During hot summer driving, owners of all-purpose SUVs really appreciate their vehicles when they leave smooth city freeways for travel over rough country roads or climbing hilly terrain in back country. In frigid northeastern winters here in upstate New York, a four-wheel drive sometimes means the difference between getting home safely or having an accident, such as being stuck in the snow. In planning sensible investment strategy, well-diversified and informed portfolios can offer greater peace of mind as well as better outcomes during turbulent times.
When skies are azure blue and the highways are straight as an arrow, standard city sedans might cruise faster and more comfortably than sturdier sports utility vehicles. But when rubber meets a rough road, the real test starts when weather conditions unexpectedly change, and your vehicle’s not up to the challenge.
That’s why people who frequently travel through different terrains or during extreme weather conditions often invest in a SUV or other four-wheel drive vehicle. It can accommodate a range of situations and environments, but without sacrificing too much in convenience, economy, efficiency, and performance.
Structuring an informed investment portfolio involves similar decisions. You need an asset allocation for the portfolio of mutual funds or ETFs that can withstand a range of investment conditions while being mindful of fees and taxes that inefficiently reduce returns.
When certain sectors or stocks perform strongly for months and sometimes even years, it can be tempting to concentrate on the “winners” and keep chasing returns. But when (not if) underlying conditions deteriorate, you can end up like a motorist with a flat on a southwestern desert road or lost in the Adirondack wilderness without a spare (and no cellphone connection!).
Likewise, when financial markets perform badly (and even become outright scary), the temptation might be to hunker down, cancel the trip and motels, and stay safe at home. But when investment skies abruptly brighten and road conditions clear, you risk missing out on an enjoyable investment experience you could have had by just staying with staying on course with the original plan.
One common approach is to frequently shift strategies according to current climate conditions, hot or cold, rainy or dry, sunny or snowy. But this makes for a difficult investing situation, and can be very costly. It’s the equivalent of keeping two cars in the garage when only one is needed. You’re paying double the insurance, registration, and upkeep costs as well as losing wealth from ongoing depreciation. Any you’re not really happy about what you did when accounting for the true costs is made.
The most effective approach is to structure a unified diversified portfolio strategy, coordinated around a holistic investing philosophy. That means spreading risk in an informed way that helps your portfolio capture the returns of what markets worldwide have to offer while reducing or even avoiding numerous unrewarding risks. In any year, at least some portions of the portfolio will do well. Others portions will disappoint. You can’t reliably predict. But the point of diversification is avoiding costly investing mistakes, such as having too much cash when markets surprise and returns are lost forever.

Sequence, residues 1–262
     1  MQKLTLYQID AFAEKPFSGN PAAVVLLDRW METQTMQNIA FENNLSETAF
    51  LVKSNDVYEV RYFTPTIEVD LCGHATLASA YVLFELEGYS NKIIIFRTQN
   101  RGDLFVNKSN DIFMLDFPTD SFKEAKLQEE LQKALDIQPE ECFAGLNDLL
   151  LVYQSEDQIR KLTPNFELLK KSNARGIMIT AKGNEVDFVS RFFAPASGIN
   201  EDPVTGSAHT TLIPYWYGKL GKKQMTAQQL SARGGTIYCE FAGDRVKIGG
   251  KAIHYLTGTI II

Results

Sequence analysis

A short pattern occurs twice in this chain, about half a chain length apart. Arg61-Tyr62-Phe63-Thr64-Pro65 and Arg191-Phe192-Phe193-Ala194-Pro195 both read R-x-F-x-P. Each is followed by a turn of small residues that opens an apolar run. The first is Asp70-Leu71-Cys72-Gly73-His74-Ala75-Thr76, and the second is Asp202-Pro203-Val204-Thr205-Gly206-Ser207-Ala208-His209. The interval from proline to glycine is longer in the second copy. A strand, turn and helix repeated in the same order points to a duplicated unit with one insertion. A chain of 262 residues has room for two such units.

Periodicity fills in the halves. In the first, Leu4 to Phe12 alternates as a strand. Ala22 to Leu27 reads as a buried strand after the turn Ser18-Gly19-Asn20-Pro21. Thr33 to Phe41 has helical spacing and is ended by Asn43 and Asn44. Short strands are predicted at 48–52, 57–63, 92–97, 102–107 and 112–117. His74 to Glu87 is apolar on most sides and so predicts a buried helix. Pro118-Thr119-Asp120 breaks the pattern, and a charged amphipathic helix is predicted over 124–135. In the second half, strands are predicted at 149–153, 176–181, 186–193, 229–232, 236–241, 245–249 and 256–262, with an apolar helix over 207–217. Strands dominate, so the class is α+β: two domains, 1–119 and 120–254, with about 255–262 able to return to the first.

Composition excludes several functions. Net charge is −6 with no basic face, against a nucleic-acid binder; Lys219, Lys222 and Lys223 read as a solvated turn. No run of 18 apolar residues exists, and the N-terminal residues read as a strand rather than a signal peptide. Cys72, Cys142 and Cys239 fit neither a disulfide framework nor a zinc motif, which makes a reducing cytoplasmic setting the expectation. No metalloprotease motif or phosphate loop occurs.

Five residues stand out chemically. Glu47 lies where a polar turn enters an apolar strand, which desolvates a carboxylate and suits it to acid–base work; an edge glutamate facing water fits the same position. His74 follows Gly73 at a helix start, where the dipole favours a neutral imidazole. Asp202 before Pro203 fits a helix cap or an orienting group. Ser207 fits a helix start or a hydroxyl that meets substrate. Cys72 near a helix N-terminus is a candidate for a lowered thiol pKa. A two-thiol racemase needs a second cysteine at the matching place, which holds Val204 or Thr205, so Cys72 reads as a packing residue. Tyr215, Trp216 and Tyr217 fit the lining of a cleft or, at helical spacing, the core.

No investment or investment strategy can completely eliminate risk, of course. Even the best-designed diversified portfolios are not immune to declines. That memorably happened back in the 2008–09 financial panic. At most, diversification only reduces risk. Risk sometimes may be transformed, but because those forms are unfamiliar, does not make risk less real.
Sensible planning strives to minimize, and preferably avoid, unrewarding investment risks. Unrewarded risks typical of investors include unduly exposing a portfolio too much to influences of specific stocks, sectors, or countries—usually the result of confusing too much lucky momentum with personal skill.
An excellent example of unrewarded risks are day traders of technology stocks back in the late 1990s. A few were big winners, and much featured in the media. Concentrated bets can pay off big, but consistent outcomes are rare, even among hedge fund managers. Getting timing right is very hard, and active trading can be very costly. Further, studies show that most winning traders don’t know when to stop. Like players at Niagara Falls casinos, eventually they give back their winnings—and often much more.
By contrast, an informed, dimensionally diversified portfolio is like having a durable, all-weather, all-road, fuel-efficient vehicle in your garage. You’re not only sure of smoothing out some big bumps along the way, but will enjoy a safer driving experience in a wide variety of road conditions.
Because no one knows which markets or which sectors or countries will outperform each year, diversification improves consistency for planning those all-important life goals. Disciplined diversification helps captures more of what global markets can offer than futile attempts of tactical or timing shifts end of doing.
With informed implementation added to a disciplined diversification, you can have a low-cost, tax-efficient structured solution that looks pretty good when most of those guys with slick-looking cars they bragged about are stuck at home or are sitting forlorn on a snowy New York road.
Just as expert engineers design fuel-efficient vehicles for a range of conditions, many Certified Financial PlannersTM with the right education and experience can construct diversified strategies that are structured to capture more of what markets have to offer, while controlling for risks compromising performance.
There always will be rough roads for the seasoned driver, to be sure. But with doing the right planning and choosing the right vehicle, driving over rough investing roads can not only be more comfortable, but help you travel with more safety than you imagined possible.